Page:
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Head Of A Greek Man (1946)
By Lucien Freud
Oil on panel; from the Collection of John Craxton
Size: 28.4 x 24.8 centimetres (11.25 x 9.75 inches)
Estimated price: £1,500,000-2,000,000

Lucien Freud (1922-2011) is one of the most important and influential British portrait artists of his generation. He is renowned for his masterful virtuosity of light and careful manipulation of contours, inspired by German expressionism and surrealism.

From the collection of the artist’s close friend, John Craxton, Freud’s early portrait, Head of a Greek Man (1946), is an exceptional example rarely seen in public that demonstrates the beginnings of his artistic career. Freud’s early works reflect his interest in the relationship between the artist and the model, explored through his advancing compositional technique that produces a discomforting and awkward style.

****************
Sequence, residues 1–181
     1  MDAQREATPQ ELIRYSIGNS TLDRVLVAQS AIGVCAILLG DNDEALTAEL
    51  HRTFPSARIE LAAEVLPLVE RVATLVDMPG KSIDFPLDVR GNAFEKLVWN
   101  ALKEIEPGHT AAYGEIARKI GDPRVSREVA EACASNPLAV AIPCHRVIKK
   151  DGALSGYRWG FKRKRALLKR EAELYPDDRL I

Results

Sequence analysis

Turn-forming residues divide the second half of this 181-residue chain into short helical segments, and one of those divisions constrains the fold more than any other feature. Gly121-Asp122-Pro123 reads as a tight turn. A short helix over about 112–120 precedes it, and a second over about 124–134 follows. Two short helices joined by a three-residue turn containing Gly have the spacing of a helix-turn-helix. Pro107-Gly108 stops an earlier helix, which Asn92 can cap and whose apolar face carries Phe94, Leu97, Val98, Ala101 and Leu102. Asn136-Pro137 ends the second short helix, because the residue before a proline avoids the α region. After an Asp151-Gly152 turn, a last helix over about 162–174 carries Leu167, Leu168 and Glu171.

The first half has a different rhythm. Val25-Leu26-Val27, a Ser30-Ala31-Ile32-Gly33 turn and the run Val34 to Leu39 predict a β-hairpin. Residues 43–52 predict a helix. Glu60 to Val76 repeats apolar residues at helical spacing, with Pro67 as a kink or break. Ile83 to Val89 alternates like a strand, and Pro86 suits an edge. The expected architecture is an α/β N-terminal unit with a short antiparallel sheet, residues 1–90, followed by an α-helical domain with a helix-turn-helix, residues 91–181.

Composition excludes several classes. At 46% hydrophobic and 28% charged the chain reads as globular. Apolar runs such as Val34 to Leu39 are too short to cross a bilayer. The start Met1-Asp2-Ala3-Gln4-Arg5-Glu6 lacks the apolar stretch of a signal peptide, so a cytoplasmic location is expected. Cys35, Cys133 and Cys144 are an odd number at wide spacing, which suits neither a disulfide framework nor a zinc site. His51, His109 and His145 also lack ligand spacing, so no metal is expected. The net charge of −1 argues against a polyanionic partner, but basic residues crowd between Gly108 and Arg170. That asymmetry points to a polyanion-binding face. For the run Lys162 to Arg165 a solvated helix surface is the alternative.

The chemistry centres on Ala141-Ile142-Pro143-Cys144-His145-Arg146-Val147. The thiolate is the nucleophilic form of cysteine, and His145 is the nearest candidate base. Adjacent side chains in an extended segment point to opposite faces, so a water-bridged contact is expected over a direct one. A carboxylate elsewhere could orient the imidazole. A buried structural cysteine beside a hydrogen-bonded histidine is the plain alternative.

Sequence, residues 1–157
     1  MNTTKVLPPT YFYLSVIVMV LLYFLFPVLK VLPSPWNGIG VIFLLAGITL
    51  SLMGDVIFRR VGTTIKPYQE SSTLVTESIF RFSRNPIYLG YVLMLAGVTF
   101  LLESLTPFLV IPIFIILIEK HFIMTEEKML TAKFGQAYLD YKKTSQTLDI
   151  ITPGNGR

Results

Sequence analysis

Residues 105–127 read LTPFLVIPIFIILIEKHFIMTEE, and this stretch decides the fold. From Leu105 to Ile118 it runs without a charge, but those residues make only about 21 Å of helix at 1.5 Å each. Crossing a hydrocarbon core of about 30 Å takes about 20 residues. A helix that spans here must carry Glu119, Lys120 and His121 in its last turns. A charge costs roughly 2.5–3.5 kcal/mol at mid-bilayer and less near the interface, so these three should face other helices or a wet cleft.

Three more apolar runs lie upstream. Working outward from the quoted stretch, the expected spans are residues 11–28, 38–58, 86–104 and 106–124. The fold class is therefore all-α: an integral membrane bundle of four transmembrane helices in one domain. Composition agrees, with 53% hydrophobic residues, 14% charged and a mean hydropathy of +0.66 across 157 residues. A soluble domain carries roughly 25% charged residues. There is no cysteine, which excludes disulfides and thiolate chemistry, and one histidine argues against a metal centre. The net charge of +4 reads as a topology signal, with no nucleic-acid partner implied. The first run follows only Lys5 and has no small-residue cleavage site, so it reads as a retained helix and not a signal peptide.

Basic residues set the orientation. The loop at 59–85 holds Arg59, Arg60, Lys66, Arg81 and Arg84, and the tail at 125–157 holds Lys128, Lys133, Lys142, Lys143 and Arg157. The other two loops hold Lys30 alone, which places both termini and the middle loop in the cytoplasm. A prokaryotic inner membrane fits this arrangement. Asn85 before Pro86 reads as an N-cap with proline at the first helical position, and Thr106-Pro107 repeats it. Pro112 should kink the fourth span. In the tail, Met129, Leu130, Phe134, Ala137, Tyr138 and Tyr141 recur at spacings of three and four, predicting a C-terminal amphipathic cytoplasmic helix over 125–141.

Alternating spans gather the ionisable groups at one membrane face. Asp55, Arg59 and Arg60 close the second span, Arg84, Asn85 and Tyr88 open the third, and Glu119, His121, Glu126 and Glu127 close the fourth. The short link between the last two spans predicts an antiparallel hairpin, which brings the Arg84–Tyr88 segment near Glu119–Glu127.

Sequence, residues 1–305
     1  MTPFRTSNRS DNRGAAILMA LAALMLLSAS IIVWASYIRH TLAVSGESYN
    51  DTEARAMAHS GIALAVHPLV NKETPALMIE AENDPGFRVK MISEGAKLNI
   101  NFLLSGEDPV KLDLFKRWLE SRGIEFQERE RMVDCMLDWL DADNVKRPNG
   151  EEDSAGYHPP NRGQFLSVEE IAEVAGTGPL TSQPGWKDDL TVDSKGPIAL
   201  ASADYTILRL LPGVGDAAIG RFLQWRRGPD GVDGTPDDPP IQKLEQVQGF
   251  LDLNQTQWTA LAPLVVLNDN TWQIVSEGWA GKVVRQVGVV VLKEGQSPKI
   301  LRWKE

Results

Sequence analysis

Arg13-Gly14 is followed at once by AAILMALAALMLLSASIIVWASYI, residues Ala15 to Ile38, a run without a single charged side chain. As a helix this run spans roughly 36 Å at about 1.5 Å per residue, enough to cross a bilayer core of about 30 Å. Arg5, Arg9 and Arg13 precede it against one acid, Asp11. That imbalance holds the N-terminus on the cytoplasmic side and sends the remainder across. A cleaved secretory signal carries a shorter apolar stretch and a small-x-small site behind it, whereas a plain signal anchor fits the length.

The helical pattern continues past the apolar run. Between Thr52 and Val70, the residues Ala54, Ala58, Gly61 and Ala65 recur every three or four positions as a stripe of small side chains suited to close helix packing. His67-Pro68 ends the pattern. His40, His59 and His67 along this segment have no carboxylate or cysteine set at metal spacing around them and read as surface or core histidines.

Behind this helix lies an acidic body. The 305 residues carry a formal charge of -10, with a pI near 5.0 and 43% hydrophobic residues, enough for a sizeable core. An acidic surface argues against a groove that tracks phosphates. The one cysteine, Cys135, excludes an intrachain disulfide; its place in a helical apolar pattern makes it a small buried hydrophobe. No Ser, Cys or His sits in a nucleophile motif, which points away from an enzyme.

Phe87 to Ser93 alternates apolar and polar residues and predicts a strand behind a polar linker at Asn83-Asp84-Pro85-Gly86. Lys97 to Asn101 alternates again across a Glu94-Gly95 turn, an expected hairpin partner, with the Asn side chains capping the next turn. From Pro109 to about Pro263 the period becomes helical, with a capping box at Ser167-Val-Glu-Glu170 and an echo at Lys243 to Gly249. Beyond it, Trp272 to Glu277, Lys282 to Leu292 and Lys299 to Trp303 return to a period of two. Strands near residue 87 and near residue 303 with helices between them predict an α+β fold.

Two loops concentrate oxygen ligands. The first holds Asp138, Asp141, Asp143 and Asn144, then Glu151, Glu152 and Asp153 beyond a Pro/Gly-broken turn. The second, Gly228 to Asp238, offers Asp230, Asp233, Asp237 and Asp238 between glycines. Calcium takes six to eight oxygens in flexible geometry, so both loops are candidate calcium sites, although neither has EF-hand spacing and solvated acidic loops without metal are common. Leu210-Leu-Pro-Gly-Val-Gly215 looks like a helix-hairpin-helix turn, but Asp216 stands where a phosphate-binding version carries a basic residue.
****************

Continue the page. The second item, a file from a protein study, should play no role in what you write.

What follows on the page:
Petros Mastropetros, a friend that he and Craxton encountered during a trip to the Saronic Gulf, is depicted as a static and detached figure using a frontal perspective with dimensions around half human-scale. This captured a ‘limpid and luminous’ aesthetic, which Craxton greatly admired, and shows the linear influence of the icons at the Byzantine Museum in Athens on Freud.

Christie’s Post-war and Contemporary Evening Sale will take place in London on June 26, 2012.

First published in the Adbuzzzz Section of The DAWN National Weekend Advertiser on June 24, 2012.